It was the end of the summer of 1994 when my family and I left Israel for the Zaventem airport in Brussels. Yitzhak Rabin was prime minister. Murmurs of peace still permeated the air, muddled with the tumult and rise of terror: Muslims praying at the Cave of the Patriarchs in Hebron had been murdered by Baruch Goldstein, an American Israeli.
None of that was on my mind as my mother ushered my brother and me onto our first plane ride. I was six years old and didn’t know about terror. All I knew was that I was leaving the only place I’d ever called home.
This past week, after terrorists blew up two bombs in that same airport, and another in a nearby subway train, I’m very far away from the doe-eyed six-year-old I once was. I know a lot about terror. But my five years of growing up in Belgium delayed my awareness of it. Thanks to Brussels, I spent my early youth without fear. I spent my most formative years learning about tolerance, not terror.
When I talked to a friend of mine whose parents lived in Brussels for a while, she remarked that it was such a quiet, ordinary place. “It makes it seem all the more surreal for something like that to happen in a city that is truly so unremarkable,” she said. It’s true. Brussels is no Paris. Its most famous cultural landmark is a tiny fountain statue of a little boy named, aptly and economically, “Manneken Pis” or pissing boy.
Brussels was the first place I ever saw my identity as a Jew as being “other.” In Israel, I had grown up in a school and a city where everyone was Jewish. But going to a Jewish day school here was different. I became aware that the public schools did not have guards. That there were people who did not grow up celebrating the same holidays as I did.
The attack on Brussels this past week was an attack on the heart of Europe, quite literally. Brussels is the capital of the E.U., and Belgium its founding member. It houses many of the offices of the U.N. and, as such, it is a hub of multiculturalism. A place where diplomats from all over Europe, and all over the world, come to live.
When my dad transferred jobs, we were sent to a “fancier” new school. It was an international school, where my classmates were from South America, Japan and Saudi Arabia. Everyone had to speak English.
As I was learning languages and cultures, malls and cafes were blowing up in Israel. Rabin was assassinated and peaceful coexistence became a distant hope. But I did not have to worry about that — not quite yet.
That year, my youngest brother was born and we moved to a bigger house that had a spare room for a live-in nanny. Her name was Afida. Sometimes, if I barged into her room without warning, I would find her kneeling on a sheet of white cloth, with her head bent toward Mecca. She had the Quran and I lent her my religious texts of the era, tomes of Judy Blume translated into French.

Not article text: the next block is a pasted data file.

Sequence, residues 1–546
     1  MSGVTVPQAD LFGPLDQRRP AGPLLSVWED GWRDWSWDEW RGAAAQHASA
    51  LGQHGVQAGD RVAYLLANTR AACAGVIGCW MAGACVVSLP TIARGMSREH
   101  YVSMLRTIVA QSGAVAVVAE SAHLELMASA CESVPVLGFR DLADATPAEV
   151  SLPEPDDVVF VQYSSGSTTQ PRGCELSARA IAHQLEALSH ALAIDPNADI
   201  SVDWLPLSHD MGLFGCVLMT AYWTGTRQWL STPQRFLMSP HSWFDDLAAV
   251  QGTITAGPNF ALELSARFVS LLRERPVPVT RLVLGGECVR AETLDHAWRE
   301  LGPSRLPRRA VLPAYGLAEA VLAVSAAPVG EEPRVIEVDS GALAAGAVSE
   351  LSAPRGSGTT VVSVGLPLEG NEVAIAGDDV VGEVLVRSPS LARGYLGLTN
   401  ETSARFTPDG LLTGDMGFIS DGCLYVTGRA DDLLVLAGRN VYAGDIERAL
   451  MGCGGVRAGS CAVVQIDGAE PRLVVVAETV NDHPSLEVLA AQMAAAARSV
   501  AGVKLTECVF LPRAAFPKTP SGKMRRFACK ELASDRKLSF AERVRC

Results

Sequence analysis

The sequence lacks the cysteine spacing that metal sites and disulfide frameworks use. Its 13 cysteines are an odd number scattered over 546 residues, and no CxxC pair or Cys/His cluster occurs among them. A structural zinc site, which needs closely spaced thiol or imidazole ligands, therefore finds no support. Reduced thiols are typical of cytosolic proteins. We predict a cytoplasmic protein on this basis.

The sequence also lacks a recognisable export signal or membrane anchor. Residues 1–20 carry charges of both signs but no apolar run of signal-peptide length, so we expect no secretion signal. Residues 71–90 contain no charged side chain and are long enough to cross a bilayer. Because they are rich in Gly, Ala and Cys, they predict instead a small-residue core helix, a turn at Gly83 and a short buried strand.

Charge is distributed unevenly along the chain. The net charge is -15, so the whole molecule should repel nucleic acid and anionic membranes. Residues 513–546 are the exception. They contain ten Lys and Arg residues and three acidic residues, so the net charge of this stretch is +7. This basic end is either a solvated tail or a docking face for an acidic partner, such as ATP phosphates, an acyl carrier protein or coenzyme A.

This Wednesday, as I saw crowds mourning in the city I had once called home, I realized that just as it was the center of Europe, Brussels was also the pivotal center of my life. This city, the birthplace of Tintin, was where I fell in love with comics and decided to become a cartoonist. It was the place where I learned to speak accent-less English.
That same inadvertent sense of pride that sometimes hits me when I talk about an Israeli invention or achievement is what I feel when I tell people that no, actually, they’re BELGIAN fries; that once every two years, in Brussels, the Grande-Place is home to one of Europe’s most magnificent flower carpets.
When we left Belgium, it was 1999. Afida cried. I threw tantrums. But Israel exerted a pull that my parents could not resist. It was family. In 2000, the Second Intifada began; I had my bat mitzvah and became an adult, finally inducted into a world where terror was a daily reality.
Now, the place that once saved me from terror has been hit by it: 31 people were killed in the attack on March 22. The sights reminded me of Israeli news reports from the early 2000s – outside of the Dolfinarium and in the cafes of Tel Aviv. People drenched in blood, shocked, unbelieving that this has hit them. Bodies in the streets.
A boy I grew up with in Belgium, who bears the same surname as me, was just parking his car at the Brussels airport, about to board a flight, when he heard the two bombs go off, followed by the yelps and the panicked scattering of the crowd. His parents, still at home, were loading suitcases into their car. They had a flight to catch a few hours later.
“I feel self-conscious talking to Israelis — they have to live with this terror every day,” his mother told me, shaken. “The Belgians are behind the Israelis,” she added. “They don’t know yet how to deal with terror.”
If the attacks this past week taught me anything, it is that nowhere is safe anymore. But, before I panic and react with hate and fear, I remember Afida. And I remember that this is an attack on her, too. That she and the Muslim community are as much Bruxelloise as anyone.
Yes, Brussels has a long way to go when it comes to dealing with terror. But the city’s iconic spirit of multiculturalism and tolerance should not be sacrificed along the way.
Je suis Bruxelloise.
What Brussels Taught This Israeli About Terror — and Tolerance